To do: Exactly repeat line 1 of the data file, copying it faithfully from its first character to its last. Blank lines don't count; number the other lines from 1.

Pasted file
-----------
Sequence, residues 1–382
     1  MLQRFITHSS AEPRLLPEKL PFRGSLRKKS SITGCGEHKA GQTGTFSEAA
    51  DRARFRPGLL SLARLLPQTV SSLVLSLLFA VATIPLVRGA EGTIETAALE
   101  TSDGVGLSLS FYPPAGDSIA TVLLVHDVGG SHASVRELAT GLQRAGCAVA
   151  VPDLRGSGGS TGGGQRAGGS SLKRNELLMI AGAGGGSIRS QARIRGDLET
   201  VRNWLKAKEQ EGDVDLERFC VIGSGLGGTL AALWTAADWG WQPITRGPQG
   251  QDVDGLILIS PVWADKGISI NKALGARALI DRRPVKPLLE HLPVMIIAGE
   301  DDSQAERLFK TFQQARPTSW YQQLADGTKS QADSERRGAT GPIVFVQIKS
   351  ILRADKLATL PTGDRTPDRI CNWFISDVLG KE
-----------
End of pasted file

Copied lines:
Sequence, residues 1–382